Robert Eubanks, a longtime sports editor of The Augusta Chronicle, died Friday. He was 70.
Known for his friendly, outgoing demeanor, Eubanks led the sports section for 17 years, beginning in the 1960s. He covered college and professional sports along with the Masters Tournament.
The University of Georgia alumnus later established himself as a leading authority in the cutting horse world, befriending many cutters and having a keen mind for statistics. He worked for Quarter Horse News in a variety of roles for 25 years.
"Robert was passionate about sportswriting and covered a wide range of sports from football to golf during his years at The Chronicle ," said William S. Morris III, the publisher of The Chronicle and CEO of Morris Communications. "And for over two decades, he was a valued contributor to the Morris Equine Group publications through his work with Quarter Horse News . He will be greatly missed by his many friends and colleagues."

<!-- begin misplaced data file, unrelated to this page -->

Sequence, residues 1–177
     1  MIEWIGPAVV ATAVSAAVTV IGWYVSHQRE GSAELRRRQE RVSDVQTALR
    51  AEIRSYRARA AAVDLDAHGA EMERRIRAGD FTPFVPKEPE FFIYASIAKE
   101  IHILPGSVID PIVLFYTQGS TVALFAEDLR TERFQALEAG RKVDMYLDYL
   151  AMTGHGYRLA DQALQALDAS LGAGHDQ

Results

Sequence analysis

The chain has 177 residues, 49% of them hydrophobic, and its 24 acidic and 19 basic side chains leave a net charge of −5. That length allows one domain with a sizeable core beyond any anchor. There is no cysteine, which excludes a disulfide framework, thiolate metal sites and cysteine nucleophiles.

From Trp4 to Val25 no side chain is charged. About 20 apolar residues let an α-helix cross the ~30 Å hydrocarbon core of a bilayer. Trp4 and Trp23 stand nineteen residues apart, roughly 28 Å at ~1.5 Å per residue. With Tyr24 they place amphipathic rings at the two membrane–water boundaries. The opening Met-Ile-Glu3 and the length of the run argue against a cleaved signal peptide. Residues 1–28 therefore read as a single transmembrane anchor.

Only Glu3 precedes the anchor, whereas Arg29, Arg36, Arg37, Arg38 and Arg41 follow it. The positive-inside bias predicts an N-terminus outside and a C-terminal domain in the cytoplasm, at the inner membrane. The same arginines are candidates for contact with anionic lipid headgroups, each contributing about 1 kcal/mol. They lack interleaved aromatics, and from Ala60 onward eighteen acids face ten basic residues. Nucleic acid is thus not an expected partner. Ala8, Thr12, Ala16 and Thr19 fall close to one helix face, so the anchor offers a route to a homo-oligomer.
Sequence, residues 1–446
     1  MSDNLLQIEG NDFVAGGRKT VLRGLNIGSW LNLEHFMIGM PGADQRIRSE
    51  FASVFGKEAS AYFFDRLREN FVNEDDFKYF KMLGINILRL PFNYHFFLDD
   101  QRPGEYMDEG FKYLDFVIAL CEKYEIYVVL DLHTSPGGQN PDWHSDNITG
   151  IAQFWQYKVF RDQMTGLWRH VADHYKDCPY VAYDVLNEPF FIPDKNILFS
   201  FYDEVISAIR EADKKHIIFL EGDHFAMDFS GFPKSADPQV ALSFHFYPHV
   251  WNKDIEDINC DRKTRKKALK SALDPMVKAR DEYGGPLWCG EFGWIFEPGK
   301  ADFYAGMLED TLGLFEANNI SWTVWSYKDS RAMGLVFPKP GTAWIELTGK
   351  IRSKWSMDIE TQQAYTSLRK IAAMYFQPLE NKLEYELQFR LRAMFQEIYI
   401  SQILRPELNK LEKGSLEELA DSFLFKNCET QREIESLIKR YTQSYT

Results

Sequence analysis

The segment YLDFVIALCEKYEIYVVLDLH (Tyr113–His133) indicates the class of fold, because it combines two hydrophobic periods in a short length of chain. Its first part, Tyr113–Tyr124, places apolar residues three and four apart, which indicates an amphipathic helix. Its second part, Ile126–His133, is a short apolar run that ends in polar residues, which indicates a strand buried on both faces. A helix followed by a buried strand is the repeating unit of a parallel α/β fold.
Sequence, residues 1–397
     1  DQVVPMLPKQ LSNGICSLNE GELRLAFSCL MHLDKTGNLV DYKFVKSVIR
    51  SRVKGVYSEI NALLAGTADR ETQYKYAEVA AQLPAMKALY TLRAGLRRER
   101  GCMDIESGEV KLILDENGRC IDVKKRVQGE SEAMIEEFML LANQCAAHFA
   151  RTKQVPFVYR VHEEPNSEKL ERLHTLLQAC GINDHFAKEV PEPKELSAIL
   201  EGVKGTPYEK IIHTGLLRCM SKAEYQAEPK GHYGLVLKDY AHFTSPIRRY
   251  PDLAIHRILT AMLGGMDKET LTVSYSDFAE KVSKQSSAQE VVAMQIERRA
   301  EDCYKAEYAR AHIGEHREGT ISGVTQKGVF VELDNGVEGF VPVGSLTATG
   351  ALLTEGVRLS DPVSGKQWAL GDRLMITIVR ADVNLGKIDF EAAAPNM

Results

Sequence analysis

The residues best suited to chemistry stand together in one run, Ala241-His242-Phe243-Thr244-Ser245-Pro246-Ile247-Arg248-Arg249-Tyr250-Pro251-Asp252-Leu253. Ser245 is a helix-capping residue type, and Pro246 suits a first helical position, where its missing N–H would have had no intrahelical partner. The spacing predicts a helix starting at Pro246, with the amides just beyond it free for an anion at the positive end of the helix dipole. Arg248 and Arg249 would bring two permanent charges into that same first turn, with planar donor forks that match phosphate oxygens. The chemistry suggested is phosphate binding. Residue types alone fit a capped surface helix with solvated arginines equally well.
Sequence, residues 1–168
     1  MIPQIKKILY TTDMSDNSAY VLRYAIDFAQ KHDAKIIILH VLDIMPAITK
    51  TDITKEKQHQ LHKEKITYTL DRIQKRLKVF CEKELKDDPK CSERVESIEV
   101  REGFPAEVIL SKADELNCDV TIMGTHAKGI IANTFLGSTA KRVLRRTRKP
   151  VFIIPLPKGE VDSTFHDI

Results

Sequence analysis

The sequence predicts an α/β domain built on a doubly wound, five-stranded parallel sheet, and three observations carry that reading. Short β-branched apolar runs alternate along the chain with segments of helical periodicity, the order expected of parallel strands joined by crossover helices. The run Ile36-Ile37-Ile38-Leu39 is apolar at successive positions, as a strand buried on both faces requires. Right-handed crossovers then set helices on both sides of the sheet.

Eubanks covered the 1983 Augusta Futurity finals for the newspaper and moved a year later to Fort Worth, Texas, becoming a copy editor for Quarter Horse News . The adjustment took a little getting used to.
"I was accustomed to putting out three editions a day, and if there ever was a need for editorial copy or pictures to fill space, the material literally was at arm's length," he said in an interview with the magazine. "Quarter Horse News was known as a source of information that wasn't available anywhere else in the performance horse industry, but much of the information was gathered by hand and stored in filing cabinets."
Eubanks ascended to administrative editor and senior cutting editor before leaving Oct. 31, 2009. He continued to cover the horse industry through his blog until his health began to deteriorate.
"He was just really wonderful to work with," said Bill Baab, The Chronicle 's retired outdoors editor. "You can't say too much about him. We're going to miss him."
Eubanks is survived by his wife, Sharon; his son, William; and two sisters. A funeral will be held at 1:30 p.m. Wednesday in Fort Worth.